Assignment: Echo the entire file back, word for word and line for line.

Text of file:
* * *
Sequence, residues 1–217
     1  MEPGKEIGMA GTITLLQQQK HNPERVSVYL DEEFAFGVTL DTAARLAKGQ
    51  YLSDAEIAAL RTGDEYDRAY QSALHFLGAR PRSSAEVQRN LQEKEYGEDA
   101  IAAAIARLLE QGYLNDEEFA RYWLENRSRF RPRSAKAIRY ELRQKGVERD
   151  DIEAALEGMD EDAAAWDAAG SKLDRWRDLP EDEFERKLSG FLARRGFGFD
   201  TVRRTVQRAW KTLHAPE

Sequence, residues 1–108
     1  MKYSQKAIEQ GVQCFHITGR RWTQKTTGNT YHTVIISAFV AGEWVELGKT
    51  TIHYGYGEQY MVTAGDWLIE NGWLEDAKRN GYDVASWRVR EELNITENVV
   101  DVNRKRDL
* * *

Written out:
Sequence, residues 1–217
     1  MEPGKEIGMA GTITLLQQQK HNPERVSVYL DEEFAFGVTL DTAARLAKGQ
    51  YLSDAEIAAL RTGDEYDRAY QSALHFLGAR PRSSAEVQRN LQEKEYGEDA
   101  IAAAIARLLE QGYLNDEEFA RYWLENRSRF RPRSAKAIRY ELRQKGVERD
   151  DIEAALEGMD EDAAAWDAAG SKLDRWRDLP EDEFERKLSG FLARRGFGFD
   201  TVRRTVQRAW KTLHAPE

Sequence, residues 1–108
     1  MKYSQKAIEQ GVQCFHITGR RWTQKTTGNT YHTVIISAFV AGEWVELGKT
    51  TIHYGYGEQY MVTAGDWLIE NGWLEDAKRN GYDVASWRVR EELNITENVV
   101  DVNRKRDL